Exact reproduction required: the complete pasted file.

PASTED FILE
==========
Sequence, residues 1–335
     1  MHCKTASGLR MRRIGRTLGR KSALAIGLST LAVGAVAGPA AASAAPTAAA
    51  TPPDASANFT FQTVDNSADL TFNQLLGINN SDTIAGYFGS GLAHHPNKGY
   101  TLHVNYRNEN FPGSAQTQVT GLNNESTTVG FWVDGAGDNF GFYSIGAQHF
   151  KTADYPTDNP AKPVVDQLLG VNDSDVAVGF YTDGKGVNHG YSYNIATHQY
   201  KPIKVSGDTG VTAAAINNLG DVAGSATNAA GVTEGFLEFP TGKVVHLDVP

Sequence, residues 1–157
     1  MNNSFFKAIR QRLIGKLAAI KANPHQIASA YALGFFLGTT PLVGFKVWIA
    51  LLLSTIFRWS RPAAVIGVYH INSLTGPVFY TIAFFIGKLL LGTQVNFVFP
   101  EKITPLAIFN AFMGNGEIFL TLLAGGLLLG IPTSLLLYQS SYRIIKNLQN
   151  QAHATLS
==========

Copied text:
Sequence, residues 1–335
     1  MHCKTASGLR MRRIGRTLGR KSALAIGLST LAVGAVAGPA AASAAPTAAA
    51  TPPDASANFT FQTVDNSADL TFNQLLGINN SDTIAGYFGS GLAHHPNKGY
   101  TLHVNYRNEN FPGSAQTQVT GLNNESTTVG FWVDGAGDNF GFYSIGAQHF
   151  KTADYPTDNP AKPVVDQLLG VNDSDVAVGF YTDGKGVNHG YSYNIATHQY
   201  KPIKVSGDTG VTAAAINNLG DVAGSATNAA GVTEGFLEFP TGKVVHLDVP

Sequence, residues 1–157
     1  MNNSFFKAIR QRLIGKLAAI KANPHQIASA YALGFFLGTT PLVGFKVWIA
    51  LLLSTIFRWS RPAAVIGVYH INSLTGPVFY TIAFFIGKLL LGTQVNFVFP
   101  EKITPLAIFN AFMGNGEIFL TLLAGGLLLG IPTSLLLYQS SYRIIKNLQN
   151  QAHATLS